For a second year in a row, I have been fortunate to receive a grant from the IBM Center for the Business of Government.
Project: Building Analytical Capabilities for Big Data in the Public Sector: From Paralysis to Analysis
The goal of this project is to arrive at an actionable framework for federal agencies to navigate the 'big' data management challenge. We will interview Chief Information Officers (CIOs) who are leading 'big' data projects at federal, state, and local agencies to understand the challenges they face and their attempts to navigate opportunities provided by 'big' and 'open' data. We will administer a survey to measures technical, processes, people, and organizational factors that impact an agency's readiness and experience with big data management. An actionable framework will be developed that outlines how public agencies should proceed to create a roadmap towards devising analytical capabilities for big data management.
To learn more about my prior project on Challenge.gov, please click here.
I have been doing some reflection on my research interests and the connections between the various scientific domains in which I work. I will be on a panel, Working on Mars while Living on Earth - Balancing Demands across Disciplinary Boundaries, with Sandeep Purao (Penn State University), Ajay Vinze (Arizona State University), and Steve Sawyer (Syracuse University) at the 22nd Workshop on Information Systems and Technology where I will share some of my lessons learnt in doing interdisciplinary research and holding academic appointments in various disciplinary units from business schools to information schools and urban studies to public administration.
In this paper we introduce policy informatics as an emerging research space. Policy informatics is the study of how information systems are leveraged towards solving complex public policy problems. Leveraging information systems requires: (1) platforms for citizens to participate and engage in policy processes and with public agencies; (2) public agencies to utilize technologies to take advantage of information reservoirs for evidence-driven policy design; and (3) public agencies to be more transparent, participatory, and collaborative. Presented in this paper is one illustrative application of policy informatics. We explore human centered participatory platforms for facilitating deliberations on policy issues. When individuals and groups seek to collaborate to resolve policy issues, competing interests and adversarial positions on issues as well as an unawareness of the others’ perspectives often result in poor outcomes. Empathy is the act of imagining, understanding, and actively responding to the conditions and perspectives of another related to a particular situation. Therefore, generating and disseminating a strong feeling of empathy among members in these policy networks is crucial for mitigating conflicts. However, empathy generation and transfer is a complex challenge that requires systematic research within the design of participatory platforms. A thoughtful application of information systems (IS) can help bring diverse stakeholders together and promote cooperation. Human centered IS platforms facilitate richer communication channels and timely feedback to generate a sense of shared community to pursue shared goals. Interactive computer simulations is a form human centered participatory platform, which enables construction of synthetic environments for policy deliberation, and provides participants with an opportunity to jointly explore the decision space to understand the claims of other participants as legitimate.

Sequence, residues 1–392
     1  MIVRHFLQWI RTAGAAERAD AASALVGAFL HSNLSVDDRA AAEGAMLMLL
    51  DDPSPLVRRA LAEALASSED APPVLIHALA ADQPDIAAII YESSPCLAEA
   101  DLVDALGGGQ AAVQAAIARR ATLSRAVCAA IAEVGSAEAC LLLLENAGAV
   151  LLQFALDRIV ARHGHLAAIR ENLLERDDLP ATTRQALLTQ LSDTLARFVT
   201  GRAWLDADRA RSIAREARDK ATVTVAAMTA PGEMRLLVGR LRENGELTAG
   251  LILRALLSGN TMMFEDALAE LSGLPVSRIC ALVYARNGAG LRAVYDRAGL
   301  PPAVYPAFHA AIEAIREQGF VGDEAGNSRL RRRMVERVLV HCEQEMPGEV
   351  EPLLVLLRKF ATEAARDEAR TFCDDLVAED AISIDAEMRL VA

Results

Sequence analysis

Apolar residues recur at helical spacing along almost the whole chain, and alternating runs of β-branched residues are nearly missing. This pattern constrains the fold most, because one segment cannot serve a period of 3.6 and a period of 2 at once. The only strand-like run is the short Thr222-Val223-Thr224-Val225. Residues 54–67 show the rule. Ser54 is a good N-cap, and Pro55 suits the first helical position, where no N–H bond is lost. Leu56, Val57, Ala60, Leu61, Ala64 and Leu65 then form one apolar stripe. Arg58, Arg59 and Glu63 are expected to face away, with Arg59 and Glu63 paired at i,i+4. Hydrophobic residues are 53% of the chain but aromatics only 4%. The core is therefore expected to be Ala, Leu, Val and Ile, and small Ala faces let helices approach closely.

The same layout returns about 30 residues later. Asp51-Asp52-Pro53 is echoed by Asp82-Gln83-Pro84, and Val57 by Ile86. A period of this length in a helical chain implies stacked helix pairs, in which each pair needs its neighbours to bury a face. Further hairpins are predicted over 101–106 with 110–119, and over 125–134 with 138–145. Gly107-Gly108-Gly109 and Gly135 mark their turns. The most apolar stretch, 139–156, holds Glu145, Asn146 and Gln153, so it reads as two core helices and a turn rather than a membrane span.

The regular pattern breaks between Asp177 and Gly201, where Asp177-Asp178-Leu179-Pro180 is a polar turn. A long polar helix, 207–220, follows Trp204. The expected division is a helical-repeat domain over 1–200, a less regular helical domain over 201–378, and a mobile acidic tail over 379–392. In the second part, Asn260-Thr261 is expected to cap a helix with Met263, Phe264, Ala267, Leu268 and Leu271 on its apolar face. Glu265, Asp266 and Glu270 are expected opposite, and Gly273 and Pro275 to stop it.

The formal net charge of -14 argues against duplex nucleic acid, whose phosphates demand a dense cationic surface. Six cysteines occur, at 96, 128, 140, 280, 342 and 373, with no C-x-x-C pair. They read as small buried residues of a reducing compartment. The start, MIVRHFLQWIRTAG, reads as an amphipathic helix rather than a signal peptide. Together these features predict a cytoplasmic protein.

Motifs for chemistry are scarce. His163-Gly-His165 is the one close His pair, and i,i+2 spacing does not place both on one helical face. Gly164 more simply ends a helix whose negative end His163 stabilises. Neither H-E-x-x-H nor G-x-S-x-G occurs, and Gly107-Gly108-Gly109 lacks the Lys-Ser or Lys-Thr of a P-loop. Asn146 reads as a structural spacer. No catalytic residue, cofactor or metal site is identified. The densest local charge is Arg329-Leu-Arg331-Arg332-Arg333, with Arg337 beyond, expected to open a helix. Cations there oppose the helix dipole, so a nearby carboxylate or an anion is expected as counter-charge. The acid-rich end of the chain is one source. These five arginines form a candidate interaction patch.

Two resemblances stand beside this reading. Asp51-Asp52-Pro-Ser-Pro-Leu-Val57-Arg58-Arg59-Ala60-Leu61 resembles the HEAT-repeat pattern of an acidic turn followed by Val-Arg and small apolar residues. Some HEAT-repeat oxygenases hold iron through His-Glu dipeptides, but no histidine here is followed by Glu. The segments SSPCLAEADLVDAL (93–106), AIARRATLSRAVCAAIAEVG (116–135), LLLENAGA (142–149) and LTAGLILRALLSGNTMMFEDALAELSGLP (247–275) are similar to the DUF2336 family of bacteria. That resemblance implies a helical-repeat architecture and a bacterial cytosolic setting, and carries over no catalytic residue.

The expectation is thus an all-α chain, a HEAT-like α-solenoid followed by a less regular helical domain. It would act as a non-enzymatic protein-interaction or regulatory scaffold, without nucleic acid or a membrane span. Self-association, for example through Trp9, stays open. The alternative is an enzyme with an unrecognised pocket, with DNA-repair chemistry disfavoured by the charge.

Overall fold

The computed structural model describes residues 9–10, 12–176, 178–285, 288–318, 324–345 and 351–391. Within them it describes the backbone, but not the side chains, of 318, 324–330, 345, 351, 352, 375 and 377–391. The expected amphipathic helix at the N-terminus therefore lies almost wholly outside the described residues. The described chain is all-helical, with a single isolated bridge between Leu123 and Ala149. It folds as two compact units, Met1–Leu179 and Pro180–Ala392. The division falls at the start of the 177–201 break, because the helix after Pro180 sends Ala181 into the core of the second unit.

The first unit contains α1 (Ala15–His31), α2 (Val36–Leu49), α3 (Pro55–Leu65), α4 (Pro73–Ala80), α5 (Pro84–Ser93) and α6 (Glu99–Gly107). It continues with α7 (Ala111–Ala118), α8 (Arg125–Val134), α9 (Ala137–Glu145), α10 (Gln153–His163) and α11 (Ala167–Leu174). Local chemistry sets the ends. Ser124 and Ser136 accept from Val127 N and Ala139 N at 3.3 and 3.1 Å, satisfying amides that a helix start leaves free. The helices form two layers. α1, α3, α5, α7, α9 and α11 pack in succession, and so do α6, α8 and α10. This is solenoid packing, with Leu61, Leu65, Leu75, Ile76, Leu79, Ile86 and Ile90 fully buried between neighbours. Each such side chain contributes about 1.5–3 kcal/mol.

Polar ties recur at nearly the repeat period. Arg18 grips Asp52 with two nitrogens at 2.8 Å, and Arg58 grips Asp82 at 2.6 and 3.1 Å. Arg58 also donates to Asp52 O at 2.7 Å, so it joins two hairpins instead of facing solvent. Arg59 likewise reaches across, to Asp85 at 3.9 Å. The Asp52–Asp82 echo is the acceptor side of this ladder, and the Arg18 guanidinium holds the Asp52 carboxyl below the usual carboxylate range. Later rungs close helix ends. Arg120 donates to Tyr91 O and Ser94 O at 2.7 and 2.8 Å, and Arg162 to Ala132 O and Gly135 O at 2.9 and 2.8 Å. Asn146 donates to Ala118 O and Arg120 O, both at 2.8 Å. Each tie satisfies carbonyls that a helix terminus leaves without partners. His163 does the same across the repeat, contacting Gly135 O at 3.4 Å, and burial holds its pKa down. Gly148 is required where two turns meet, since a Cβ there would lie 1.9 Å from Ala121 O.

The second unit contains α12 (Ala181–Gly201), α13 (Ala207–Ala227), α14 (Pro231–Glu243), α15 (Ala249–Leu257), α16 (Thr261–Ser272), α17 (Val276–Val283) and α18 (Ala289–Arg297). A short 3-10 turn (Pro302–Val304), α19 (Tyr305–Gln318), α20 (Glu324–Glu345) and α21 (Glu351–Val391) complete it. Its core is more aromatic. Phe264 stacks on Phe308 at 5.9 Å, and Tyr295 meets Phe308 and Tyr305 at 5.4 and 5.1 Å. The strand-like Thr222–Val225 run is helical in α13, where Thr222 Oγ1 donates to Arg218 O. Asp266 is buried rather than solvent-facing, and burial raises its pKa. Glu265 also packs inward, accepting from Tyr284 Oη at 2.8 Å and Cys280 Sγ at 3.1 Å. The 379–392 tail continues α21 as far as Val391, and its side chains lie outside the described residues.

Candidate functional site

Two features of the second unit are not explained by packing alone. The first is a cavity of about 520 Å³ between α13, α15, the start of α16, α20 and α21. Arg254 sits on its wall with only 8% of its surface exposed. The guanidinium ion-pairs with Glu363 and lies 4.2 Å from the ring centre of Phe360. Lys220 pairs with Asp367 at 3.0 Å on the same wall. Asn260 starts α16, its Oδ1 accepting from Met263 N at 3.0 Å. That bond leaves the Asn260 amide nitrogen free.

Reference: Krishnamurthy, R., Desouza, K.C., Johnston, E.W., and Bhagwatwar, A. “A Glimpse into Policy Informatics: The Case of Participatory Platforms that Generate Synthetic Empathy,” Communications of the AIS, Forthcoming.